Signing with the right team at the right time is part of the skill set of successful race car drivers.
It looks like Carlos Sainz Jr. might have made a mistake by deciding to leave McLaren, which is on the rise, to join Ferrari, which was slumping through this year’s delayed Formula One season.
On the other hand, rare is the driver who can turn down an offer from Ferrari. Those offers are usually once in a lifetime.
Ferrari seldom invites a driver back for a second term as Kimi Raikkonen, Jacky Ickx and Clay Regazzoni are exceptions.
Furthermore, Ferrari and Sainz began negotiating in 2019 when the car was fast.
“There’s no fear whatsoever on the future,” said the 26-year-old Spaniard. “For me, I find that Ferrari is a great opportunity to do another move in my career, and it allows me to drive for another great team. I have a two-year contract signed with them (2021-’22), and that also gives me the stability and the opportunity to build on the first year with them. That’s the kind of experience I personally like to have and I feel it’s going to be like a great challenge. And we still don’t know where Ferrari is going to be by 2021.”
It was back on May 14, while F-1 was still on lockdown because of COVID-19, that Ferrari surprised many by announcing Sainz would replace Sebastian Vettel in 2021. Among the surprised was Vettel who joined Ferrari in 2015, and who had been given no indication the team would not open talks with him for a new contract.
If Ferrari had not signed Sainz, he still would have had a good home at McLaren.
“That is totally true,” he concurred when told he looks very comfortable in the F-1 team founded by Bruce McLaren in 1966. “Since the first day when I arrived in the team, I knew that I could finally have a bit of stability after a few years where my future was not certain. I was changing teams in the middle of the season. Now I could finally settle into a team. That is a big benefit.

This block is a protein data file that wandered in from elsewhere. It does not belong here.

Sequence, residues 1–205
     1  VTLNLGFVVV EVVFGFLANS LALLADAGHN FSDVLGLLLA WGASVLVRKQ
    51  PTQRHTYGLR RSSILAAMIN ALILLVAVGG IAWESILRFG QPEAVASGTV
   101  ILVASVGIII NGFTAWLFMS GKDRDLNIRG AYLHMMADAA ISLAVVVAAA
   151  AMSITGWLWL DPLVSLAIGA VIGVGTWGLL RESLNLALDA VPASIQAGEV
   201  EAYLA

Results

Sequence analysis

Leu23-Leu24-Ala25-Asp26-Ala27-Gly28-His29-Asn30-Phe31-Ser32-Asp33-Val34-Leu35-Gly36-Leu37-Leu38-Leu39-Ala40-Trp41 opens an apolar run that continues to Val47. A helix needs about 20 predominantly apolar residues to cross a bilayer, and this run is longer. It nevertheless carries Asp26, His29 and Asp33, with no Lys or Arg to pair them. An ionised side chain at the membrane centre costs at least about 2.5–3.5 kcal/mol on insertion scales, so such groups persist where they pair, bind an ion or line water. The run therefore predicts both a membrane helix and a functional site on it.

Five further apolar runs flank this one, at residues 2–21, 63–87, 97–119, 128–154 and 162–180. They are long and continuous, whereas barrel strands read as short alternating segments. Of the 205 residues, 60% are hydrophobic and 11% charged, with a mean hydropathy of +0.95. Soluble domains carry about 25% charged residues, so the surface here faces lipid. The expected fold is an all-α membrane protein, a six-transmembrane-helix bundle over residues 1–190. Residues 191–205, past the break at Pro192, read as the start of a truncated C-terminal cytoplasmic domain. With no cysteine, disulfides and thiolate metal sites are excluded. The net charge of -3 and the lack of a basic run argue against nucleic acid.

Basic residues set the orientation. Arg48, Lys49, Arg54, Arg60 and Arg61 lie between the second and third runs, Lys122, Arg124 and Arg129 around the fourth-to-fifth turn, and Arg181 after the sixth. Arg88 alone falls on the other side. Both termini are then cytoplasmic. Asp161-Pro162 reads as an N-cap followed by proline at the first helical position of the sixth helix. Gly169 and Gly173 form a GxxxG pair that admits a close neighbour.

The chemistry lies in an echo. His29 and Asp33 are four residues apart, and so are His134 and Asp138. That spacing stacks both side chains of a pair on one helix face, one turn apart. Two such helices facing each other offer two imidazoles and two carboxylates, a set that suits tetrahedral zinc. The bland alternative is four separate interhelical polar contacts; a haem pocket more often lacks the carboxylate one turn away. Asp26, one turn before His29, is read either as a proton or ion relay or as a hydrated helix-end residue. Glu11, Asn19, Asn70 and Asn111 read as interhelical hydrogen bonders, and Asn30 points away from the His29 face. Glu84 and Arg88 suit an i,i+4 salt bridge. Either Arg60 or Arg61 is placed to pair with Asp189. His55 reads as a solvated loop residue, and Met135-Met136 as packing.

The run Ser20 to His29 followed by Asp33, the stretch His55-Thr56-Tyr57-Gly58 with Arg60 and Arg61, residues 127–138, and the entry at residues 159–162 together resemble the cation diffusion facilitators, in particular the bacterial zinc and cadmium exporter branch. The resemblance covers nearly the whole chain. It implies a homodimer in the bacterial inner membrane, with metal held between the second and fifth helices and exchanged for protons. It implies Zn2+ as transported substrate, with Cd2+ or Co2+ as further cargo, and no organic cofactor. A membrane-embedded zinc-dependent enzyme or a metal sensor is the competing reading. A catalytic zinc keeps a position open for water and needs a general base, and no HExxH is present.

“I had a very warm welcome by the team. I have a very straightforward relationship with everyone. We are very focused to getting this team to work better and be stronger. So I felt at home very quickly. I have a very good understanding with the whole engineering team and with all the mechanics and the management.”
Sainz’s journey to signing with Ferrari began with having a famous father — Carlos Sainz Sr., who won the World Rally Championship in 1990 and ’92 and finished second in the points four times.
Obviously, there is no direct correlation between rallying and driving karts or a formula car, but the elder Sainz was able to give his son plenty of valuable advice.
“My father has never told me how to drive a car, how to brake, how to accelerate, how to do corners,” Sainz Jr. said during his rookie season in F-1 in 2015. “He always believed this comes with talent. He just has made sure that I have the right attitude toward racing, toward the sport, toward the team. It has been a great help.
“At the end what the real champions are — the world champions — is an attitude thing more than a talent thing. And to have the experience and the attitude of a world champion happens over a period time. He has been a great help for me.”
Sainz never wanted to follow his father into rallying. F-1 was always his goal ever since he saw fellow Spaniard Fernando Alonso competing in F-1 races on television.
Ironically, Sainz eventually drove for Renault and McLaren, both former Alonso teams, as is Ferrari.
“F-1 misses Fernando because we all know that he is one of the best drivers F-1 has had over the last few years,” Sainz said. “Not to have him is a big loss for F-1. I am fighting another very talented 19 guys that are very, very good, and so on track, I don’t miss Fernando.”
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